After this, when the Sabines invaded the Roman territory, Marcus Valerius, a brother of Publicola, was made consul, and with him Postumius Tubertus. Inasmuch as the most important steps were taken with the advice and assistance of Publicola, Marcus was victorious in two great battles, and in the second of them, without losing a single Roman, slew thirteen thousand of the enemy.1
Besides the triumphs, he also obtained the honour of a house built for him at the public charge on the Palatine. And whereas the doors of other houses at that time opened inwards into the vestibule, they made the outer door of his house, and of his alone, to open outwards, in order that by this concession he might be constantly partaking of public honour.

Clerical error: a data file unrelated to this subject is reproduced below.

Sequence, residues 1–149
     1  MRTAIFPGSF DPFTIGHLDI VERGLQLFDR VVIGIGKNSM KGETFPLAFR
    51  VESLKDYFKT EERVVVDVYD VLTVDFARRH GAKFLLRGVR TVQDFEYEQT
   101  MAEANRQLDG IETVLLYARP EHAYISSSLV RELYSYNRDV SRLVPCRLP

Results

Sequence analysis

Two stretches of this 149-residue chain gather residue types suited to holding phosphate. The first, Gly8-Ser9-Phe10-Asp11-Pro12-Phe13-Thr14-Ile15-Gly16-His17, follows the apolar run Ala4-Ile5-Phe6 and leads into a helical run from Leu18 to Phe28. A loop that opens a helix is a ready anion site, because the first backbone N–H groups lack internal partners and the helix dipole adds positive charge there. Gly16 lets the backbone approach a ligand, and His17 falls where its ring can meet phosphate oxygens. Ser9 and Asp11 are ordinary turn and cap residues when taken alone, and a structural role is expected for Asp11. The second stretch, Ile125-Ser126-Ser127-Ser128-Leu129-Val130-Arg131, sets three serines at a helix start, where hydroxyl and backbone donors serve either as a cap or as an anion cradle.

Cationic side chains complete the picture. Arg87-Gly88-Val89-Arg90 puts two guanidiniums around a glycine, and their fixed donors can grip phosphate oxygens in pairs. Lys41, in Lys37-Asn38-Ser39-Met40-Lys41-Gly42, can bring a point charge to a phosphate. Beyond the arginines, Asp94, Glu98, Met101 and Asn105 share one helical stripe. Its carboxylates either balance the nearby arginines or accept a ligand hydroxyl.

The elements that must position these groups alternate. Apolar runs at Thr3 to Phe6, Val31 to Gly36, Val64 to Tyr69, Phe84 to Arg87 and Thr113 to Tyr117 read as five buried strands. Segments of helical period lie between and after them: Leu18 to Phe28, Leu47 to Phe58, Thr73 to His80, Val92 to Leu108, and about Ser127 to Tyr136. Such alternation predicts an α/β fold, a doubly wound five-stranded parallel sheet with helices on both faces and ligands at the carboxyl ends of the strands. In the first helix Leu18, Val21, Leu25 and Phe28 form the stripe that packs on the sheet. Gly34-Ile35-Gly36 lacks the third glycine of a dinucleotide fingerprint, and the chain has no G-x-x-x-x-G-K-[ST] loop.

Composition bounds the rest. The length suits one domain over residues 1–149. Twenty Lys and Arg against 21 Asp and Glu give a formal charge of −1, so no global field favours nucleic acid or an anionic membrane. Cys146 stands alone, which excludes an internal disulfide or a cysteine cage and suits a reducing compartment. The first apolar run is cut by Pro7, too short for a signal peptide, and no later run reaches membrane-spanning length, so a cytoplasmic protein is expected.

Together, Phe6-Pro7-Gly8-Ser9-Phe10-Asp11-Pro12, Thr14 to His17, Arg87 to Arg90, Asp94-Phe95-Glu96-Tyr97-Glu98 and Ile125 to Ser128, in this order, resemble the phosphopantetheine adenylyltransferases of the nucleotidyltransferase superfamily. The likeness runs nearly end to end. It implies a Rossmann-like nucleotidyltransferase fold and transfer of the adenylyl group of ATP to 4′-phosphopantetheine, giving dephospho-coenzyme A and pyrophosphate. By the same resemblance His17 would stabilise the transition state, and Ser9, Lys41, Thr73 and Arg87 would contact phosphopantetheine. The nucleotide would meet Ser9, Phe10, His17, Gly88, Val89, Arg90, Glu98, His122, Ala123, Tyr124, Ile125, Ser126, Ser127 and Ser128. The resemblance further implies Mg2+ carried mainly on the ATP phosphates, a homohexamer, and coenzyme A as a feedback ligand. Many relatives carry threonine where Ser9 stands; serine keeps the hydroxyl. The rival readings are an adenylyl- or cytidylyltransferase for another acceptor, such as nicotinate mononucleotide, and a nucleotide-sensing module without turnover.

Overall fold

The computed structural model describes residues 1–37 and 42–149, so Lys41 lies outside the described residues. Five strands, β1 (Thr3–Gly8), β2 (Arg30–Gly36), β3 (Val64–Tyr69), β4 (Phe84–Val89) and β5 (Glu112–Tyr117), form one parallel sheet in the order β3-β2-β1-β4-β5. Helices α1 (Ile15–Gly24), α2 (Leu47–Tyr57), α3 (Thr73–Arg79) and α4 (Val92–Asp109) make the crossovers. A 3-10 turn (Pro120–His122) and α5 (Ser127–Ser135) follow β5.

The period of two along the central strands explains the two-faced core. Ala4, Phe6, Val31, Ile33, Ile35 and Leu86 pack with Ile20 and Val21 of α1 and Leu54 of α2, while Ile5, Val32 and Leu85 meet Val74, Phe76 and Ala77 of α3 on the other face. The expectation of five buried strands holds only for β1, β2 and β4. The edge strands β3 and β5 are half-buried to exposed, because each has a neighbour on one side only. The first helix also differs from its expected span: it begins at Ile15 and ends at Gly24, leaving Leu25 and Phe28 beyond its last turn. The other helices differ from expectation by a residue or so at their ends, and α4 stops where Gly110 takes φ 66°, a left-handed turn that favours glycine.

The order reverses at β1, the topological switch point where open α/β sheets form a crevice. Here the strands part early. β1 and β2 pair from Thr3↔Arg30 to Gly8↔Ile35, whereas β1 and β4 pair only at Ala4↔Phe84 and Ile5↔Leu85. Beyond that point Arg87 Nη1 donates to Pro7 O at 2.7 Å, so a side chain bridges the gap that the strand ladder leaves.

They say that all Greek doors used to open outwards in this way, and the conclusion is drawn from their comedies, where those who are about to go out of a house beat noisily on the inside of their own doors, in order that persons passing by or standing in front of them may hear, and not be taken by surprise when the doors open out into the street.